There are other opinions concerning this matter. It says in Subul al-Salām (2/628): It should be noted that the scholars differed concerning the definition of the relatives with whom it is obligatory to uphold ties of kinship. It was said that it is relatives with whom marriage is harām, such that if one of them were male marriage to the other would be forbidden. Based on that, it does not include the children of paternal or maternal uncles and aunts. Those who hold this view quote as evidence the fact that it is haram to be married to a woman and her paternal aunt or maternal aunt at the same time, because that leads to severing of ties of kinship.

And it was said that it is those who are connected by inheritance which is indicated by the words of the Prophet (Sallallāhu `alayhi wasallam), “then the next closest and the next closest.” [Narrated by Muslim]

And it was said that it refers to those who are related to one another regardless of whether they are connected by inheritance or not.

Moreover, upholding of ties of kinship, as Al-Qādi ‘Iyād (rahimahullah) said, is of varying degrees, some of which are higher than others. At the very least, it is not forsaking one another, and upholding ties by speaking, even if it only saying salām. That varies according to possibility and need. It may be obligatory or mustahabb. If a person upholds ties to some extent, even if it is not to the fullest extent, he cannot be called a breaker of ties of kinship, and if he fails to do what he is able to do and should do, then he cannot be called an upholder of ties of kinship.

Al-Qurtubi (rahimahullah) said: “The degrees of relationship which must be upheld are general and specific. The general relationship is that which is based on religion, which must be upheld by means of mutual love, sincerity, fairness and fulfilment of rights both obligatory and mustahabb. In addition to that, the specific relationship also involves spending on relatives, checking on them and overlooking their mistakes.”

This is a summary of what the scholars have said about this issue, but what has been narrated about the great reward for upholding ties of kinship and the severe punishment for severing them will be no secret to you. This means that you should be keen to uphold ties of kinship and beware of severing them, and be on the safe side with regard to your religious commitment, and avoid an area concerning which the scholars differed.

So hasten to uphold ties of kinship with the son of your paternal aunt, and treat him kindly as much as you can, for the reward of that will not be lost with Allah.

Allah’s Messenger, (Sallallāhu `alayhi wasallam) said:”The most virtuous behavior is to engage those who sever relations, to give to those who withhold from you, and to forgive those who wrong you” [At-Tabarāni].

The kindred (arham) are the blood relatives on mother’s and father’s sides. They are the ones meant in the verses in al-Qur’ān in which Allāh says: “But kindred by blood are nearer to one another (regarding inheritance) in the decree ordained by Allah” [Al-Anfal 8:57; Al-Ahzab 33:6]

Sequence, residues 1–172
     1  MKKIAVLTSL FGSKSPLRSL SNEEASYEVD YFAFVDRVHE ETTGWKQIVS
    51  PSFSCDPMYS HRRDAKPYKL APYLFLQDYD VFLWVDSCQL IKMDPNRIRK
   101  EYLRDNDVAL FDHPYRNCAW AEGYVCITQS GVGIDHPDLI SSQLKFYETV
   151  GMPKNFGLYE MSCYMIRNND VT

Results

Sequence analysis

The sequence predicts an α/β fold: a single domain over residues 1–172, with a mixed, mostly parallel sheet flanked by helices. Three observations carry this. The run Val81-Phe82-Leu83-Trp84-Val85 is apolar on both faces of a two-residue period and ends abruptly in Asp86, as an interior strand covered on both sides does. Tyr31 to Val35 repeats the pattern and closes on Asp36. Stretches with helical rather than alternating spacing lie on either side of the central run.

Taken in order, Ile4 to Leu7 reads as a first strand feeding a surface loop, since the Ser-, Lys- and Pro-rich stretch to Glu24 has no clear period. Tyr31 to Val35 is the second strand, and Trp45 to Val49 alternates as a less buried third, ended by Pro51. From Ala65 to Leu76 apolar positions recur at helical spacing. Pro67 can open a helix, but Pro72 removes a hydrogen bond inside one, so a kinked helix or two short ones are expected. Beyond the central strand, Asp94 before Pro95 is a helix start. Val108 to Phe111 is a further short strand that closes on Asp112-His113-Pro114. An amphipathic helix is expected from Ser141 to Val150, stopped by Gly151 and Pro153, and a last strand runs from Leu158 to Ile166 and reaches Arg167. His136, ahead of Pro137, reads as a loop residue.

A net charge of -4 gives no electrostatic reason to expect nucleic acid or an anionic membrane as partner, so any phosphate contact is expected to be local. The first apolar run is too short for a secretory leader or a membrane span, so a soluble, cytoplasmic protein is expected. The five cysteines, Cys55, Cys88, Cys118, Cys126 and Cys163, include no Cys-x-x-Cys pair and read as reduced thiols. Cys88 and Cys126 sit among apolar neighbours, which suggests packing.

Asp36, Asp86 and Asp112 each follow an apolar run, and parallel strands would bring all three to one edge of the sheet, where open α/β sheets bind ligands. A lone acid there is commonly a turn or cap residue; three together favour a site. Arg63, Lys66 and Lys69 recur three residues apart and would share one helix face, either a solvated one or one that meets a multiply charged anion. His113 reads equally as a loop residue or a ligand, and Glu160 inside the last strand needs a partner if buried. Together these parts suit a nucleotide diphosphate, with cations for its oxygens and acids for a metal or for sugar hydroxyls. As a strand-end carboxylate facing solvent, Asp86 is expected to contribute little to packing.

3. The value of Ar-Rahim.

Severing relation has become a threatening epidemic that has found its way into many Muslim families. We have forgotten the tremendous value of Ar-Rahim. We become completely unmindful and oblivious of its significance, our selfishness and self-centeredness has gotten the best of us.

Before we go further, let us define the word rahim. The word in Arabic is extracted from rahim which literally refers to go the womb; the latter has been the abode of every human being before they came out to this world except for Adam (‘alayhissalam) and Hawa (Eve).

Islamic scholar Ar-Raghib Al-Asfahani (rahimahullah) said, “Ar-Rahim is the womb of the mother, and it stands for family ties knowing that it was the first source from which they were produced” In Islamic terminology, Ar-Rahim means family bonds and relations that we refer to in English as kinship relationships.

The Messenger (Sallallāhu `alayhi wasallam) enlightens us on the noble position of rahim through a powerful allegory in a hadith narrated by Abu Hurairah (radiyallāhu`anhu).

The Messenger (Sallallāhu `alayhi wasallam) said: “Allah created all the creation, and when He finished, ar-rahim (the womb) got up and pleaded to Allah, where-upon Allah said to it, “What is the matter?” It said: “At this place, I seek your refuge from those who sever me (cut off ties of kinship).” Allah said, “Yes, will you not be satisfied if I bestow My favours on him who keeps your ties, and withhold My favours from him who severs your ties;” Upon this, it said, “Yes, O my Lord!” Allah said, “Then that is for you”. [Al-Bukhari]

This hadith lays out the very foundation of kinship, emphasizing its importance as well as the ramifications of’ severing kinship ties.

Ar-Rahim is a noun that encompasses all the relatives from the father’s and the mother’s sides. Islamic scholar Al-Qurtubi (rahimahullah) said: Generally speaking, ar-rahim has a broad and a particular meaning. The broad one includes all the believers and that is ar-rahim of religion, then there is the one pertaining to all relatives of any person from the father’s and the mother’s sides which is the one concerning us in this issue. Know that each one of them has a number of due rights over you. Allah revealed this verse regarding ar-rahim, which many Muslims throughout the world recognize, since they hear it every Friday from their Imams as part of the introduction of the khutbah: “And fear Allah through Whom you ask one another; and the wombs.” [Surah An-Nisa, 4: 1]